SOUTHWEST PUBLIC HEALTH DISTRICT
1109 North Jackson Street
Albany, Georgia 31701-2022
(229) 430-4599 Fax (229) 430-5143 Emergency 888-430-4590
July 20, 2009 Contact: Carolyn Maschke, Public Information Officer
For Immediate Release 229-430-1969, 229-357-0257; firstname.lastname@example.org
A 16-year-old Dougherty County male has been added to the list of Southwest Health District’s patients confirmed with Pandemic H1N1, says Southwest Health District Health Director Dr. Jacqueline Grant. The teen’s case marks the first time that the novel influenza virus has been confirmed in Dougherty County and raises Southwest Health District’s tally of confirmed cases to 10.
“We were certainly not looking forward to this day, but we expected it, and, unfortunately, we expect to see more evidence that this infection is continuing to spread,” Grant said. “I am pleased to note that this young man, like the majority of H1N1 patients in this country, did not require hospitalization. He is being treated at home, and we wish him a speedy recovery.”
In addition, a 5-year-old Thomas County boy whose diagnosis was confirmed at the Florida Public Health Laboratory has become the eighth Pandemic H1N1 case identified in Thomas County. Colquitt County has the only other confirmed case in the Southwest Health District.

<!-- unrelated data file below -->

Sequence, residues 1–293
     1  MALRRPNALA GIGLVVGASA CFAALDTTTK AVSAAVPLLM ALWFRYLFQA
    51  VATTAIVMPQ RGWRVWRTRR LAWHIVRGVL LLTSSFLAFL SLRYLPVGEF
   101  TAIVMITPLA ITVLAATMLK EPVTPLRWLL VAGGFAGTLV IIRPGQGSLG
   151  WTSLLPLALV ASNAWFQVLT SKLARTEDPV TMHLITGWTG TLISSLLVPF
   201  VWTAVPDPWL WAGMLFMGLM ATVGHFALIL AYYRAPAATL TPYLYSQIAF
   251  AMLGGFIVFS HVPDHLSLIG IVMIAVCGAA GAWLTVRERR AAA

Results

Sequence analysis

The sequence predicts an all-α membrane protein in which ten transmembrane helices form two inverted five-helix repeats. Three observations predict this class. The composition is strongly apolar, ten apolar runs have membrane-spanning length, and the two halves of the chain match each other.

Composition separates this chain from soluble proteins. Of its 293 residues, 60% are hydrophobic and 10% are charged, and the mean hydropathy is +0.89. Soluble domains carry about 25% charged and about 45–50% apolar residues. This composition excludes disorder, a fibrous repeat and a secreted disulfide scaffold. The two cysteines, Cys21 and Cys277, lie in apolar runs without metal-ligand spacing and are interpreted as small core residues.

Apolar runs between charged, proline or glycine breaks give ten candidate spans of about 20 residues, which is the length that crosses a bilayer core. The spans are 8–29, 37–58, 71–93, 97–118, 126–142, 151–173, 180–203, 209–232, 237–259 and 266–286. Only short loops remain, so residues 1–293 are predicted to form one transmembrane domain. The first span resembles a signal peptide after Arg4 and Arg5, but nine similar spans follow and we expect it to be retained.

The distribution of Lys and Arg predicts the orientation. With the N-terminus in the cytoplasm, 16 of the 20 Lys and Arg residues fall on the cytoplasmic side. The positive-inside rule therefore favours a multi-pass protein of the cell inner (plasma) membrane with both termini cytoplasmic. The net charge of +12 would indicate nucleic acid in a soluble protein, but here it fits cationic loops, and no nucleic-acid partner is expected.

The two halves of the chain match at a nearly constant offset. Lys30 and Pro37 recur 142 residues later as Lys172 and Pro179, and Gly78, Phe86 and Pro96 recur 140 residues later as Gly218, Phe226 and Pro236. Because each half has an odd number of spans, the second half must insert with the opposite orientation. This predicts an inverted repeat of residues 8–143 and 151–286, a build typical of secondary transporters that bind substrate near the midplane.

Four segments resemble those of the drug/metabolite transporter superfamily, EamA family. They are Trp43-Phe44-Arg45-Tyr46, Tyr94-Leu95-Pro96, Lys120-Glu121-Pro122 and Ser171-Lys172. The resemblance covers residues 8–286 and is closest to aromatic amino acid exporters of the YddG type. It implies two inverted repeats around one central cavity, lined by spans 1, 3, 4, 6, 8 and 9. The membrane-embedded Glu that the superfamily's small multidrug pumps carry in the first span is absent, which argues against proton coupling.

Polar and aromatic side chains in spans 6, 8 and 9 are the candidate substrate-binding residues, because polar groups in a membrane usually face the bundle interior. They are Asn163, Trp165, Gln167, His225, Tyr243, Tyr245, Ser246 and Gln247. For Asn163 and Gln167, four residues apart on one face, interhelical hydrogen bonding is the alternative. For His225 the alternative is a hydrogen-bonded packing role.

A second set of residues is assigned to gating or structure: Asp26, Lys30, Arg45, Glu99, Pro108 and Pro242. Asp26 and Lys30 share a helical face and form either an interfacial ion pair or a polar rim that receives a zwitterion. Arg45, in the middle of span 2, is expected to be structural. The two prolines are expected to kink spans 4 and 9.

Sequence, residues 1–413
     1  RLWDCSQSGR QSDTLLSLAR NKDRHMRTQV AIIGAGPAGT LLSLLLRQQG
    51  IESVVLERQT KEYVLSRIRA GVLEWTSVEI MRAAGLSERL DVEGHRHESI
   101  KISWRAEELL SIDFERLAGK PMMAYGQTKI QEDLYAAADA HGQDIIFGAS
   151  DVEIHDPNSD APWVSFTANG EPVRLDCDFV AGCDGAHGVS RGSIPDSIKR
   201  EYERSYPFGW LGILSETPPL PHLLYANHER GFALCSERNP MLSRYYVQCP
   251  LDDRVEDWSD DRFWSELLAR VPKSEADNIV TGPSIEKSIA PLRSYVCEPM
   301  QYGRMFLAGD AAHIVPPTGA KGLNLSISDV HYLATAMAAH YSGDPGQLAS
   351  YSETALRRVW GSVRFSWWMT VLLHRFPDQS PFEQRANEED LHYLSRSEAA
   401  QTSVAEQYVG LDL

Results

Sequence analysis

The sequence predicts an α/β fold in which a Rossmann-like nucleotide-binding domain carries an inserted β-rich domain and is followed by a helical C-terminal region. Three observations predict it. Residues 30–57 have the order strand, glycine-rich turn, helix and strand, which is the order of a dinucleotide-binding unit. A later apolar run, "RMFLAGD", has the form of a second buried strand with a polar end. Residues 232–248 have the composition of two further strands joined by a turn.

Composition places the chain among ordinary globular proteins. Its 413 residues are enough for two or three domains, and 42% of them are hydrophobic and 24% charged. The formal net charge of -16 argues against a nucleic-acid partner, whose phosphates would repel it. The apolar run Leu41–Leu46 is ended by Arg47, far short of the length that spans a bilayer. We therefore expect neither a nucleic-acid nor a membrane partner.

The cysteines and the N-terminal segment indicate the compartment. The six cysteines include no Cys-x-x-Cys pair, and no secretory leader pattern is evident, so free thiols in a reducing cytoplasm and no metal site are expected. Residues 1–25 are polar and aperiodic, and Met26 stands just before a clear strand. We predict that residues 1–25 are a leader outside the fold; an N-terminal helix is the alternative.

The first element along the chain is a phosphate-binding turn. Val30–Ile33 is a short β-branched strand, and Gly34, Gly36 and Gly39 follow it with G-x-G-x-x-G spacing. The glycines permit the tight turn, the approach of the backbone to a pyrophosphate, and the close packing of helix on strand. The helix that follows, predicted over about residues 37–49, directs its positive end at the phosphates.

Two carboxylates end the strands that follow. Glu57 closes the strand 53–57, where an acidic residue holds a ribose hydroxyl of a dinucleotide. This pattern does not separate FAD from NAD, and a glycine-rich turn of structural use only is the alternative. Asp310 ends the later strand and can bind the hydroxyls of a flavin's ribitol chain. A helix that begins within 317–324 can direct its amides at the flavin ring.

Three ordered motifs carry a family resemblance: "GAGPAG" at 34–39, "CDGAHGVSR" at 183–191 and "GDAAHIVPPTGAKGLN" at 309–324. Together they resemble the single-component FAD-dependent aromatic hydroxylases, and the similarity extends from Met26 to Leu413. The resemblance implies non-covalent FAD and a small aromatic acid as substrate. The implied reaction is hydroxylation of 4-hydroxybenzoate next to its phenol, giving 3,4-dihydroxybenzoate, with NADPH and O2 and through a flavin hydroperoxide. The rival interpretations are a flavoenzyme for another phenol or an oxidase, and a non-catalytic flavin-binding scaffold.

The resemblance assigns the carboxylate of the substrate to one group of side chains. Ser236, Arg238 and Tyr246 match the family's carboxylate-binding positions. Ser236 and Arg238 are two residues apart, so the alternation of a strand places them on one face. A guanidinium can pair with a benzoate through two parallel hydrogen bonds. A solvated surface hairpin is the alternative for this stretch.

So far, this pandemic is continuing to be a mild to moderate disease, continued Grant, adding that most patients do well receiving care at home.
“Although the teenager resides in Dougherty County, he was identified as part of a Lowndes County investigation,” Grant said. “His situation is similar to cases being seen throughout Georgia and the rest of the country in which children and teens who participate in summer camps and programs are exposed to H1N1.”
To date, Pandemic H1N1 has been seen most commonly in children and young adults, with outbreaks in schools, childcare centers and residential camps. Groups at risk for complications from infections with H1N1 include pregnant women, people with suppressed immune systems or chronic disease, healthcare workers and obese people, she said.
The CDC estimates that a million people have been infected with H1N1 in the United States alone. Pandemic H1N1 has been confirmed in more than 100 countries.
“This strain of H1N1 is a true pandemic in that it has spread across the globe. Since disease investigators know it is everywhere, Public Health’s focus is no longer on tracking the number of cases, but in monitoring for increased severity in the disease,” Grant emphasized. Testing is being performed in three circumstances: when clusters of influenza-like illness occur; on hospitalized patients with influenza-like illness; and by sentinel providers, the healthcare providers who routinely assist Public Health in monitoring seasonal flu.
In Georgia, 181 Pandemic H1N1 cases have been confirmed to date, including one fatality.
There is no vaccine for Pandemic H1N1 at this time. For now the best defense is to practice measures that help prevent the spread of any infectious disease:
- Wash your hands often with soap and water, especially after you cough or sneeze. Alcohol-based hand cleaners are also effective.
- Cover your nose and mouth with a tissue when you cough or sneeze. Throw the tissue in the trash after you use it.
- Avoid touching your eyes, nose or mouth.
- If you are sick with a flu-like illness, stay home until you have been symptom-free for 24 hours.
- Keep sick children at home.
- Try to avoid close contact with sick people.
- Stay informed – the situation may change rapidly, so listen for Public Health alerts and recommendations.